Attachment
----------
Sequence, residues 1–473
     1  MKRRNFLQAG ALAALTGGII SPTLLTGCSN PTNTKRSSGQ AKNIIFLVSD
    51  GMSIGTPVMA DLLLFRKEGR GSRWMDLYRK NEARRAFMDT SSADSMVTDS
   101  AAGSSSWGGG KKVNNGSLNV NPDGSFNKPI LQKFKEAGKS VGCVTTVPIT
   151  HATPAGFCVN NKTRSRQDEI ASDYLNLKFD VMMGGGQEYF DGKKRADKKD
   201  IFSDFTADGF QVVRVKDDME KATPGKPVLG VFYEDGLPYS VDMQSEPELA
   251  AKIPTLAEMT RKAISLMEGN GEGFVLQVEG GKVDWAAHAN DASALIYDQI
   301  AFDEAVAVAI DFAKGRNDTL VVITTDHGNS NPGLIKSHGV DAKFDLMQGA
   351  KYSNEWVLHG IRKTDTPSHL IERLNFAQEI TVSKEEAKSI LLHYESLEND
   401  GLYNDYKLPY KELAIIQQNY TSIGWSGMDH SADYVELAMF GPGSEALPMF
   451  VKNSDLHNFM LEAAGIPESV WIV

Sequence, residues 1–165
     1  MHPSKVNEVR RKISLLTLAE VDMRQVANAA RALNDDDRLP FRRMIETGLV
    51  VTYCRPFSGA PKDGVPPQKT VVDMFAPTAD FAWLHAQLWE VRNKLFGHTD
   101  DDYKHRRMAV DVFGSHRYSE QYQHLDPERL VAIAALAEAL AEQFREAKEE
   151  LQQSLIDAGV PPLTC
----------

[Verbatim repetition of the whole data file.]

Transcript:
Sequence, residues 1–473
     1  MKRRNFLQAG ALAALTGGII SPTLLTGCSN PTNTKRSSGQ AKNIIFLVSD
    51  GMSIGTPVMA DLLLFRKEGR GSRWMDLYRK NEARRAFMDT SSADSMVTDS
   101  AAGSSSWGGG KKVNNGSLNV NPDGSFNKPI LQKFKEAGKS VGCVTTVPIT
   151  HATPAGFCVN NKTRSRQDEI ASDYLNLKFD VMMGGGQEYF DGKKRADKKD
   201  IFSDFTADGF QVVRVKDDME KATPGKPVLG VFYEDGLPYS VDMQSEPELA
   251  AKIPTLAEMT RKAISLMEGN GEGFVLQVEG GKVDWAAHAN DASALIYDQI
   301  AFDEAVAVAI DFAKGRNDTL VVITTDHGNS NPGLIKSHGV DAKFDLMQGA
   351  KYSNEWVLHG IRKTDTPSHL IERLNFAQEI TVSKEEAKSI LLHYESLEND
   401  GLYNDYKLPY KELAIIQQNY TSIGWSGMDH SADYVELAMF GPGSEALPMF
   451  VKNSDLHNFM LEAAGIPESV WIV

Sequence, residues 1–165
     1  MHPSKVNEVR RKISLLTLAE VDMRQVANAA RALNDDDRLP FRRMIETGLV
    51  VTYCRPFSGA PKDGVPPQKT VVDMFAPTAD FAWLHAQLWE VRNKLFGHTD
   101  DDYKHRRMAV DVFGSHRYSE QYQHLDPERL VAIAALAEAL AEQFREAKEE
   151  LQQSLIDAGV PPLTC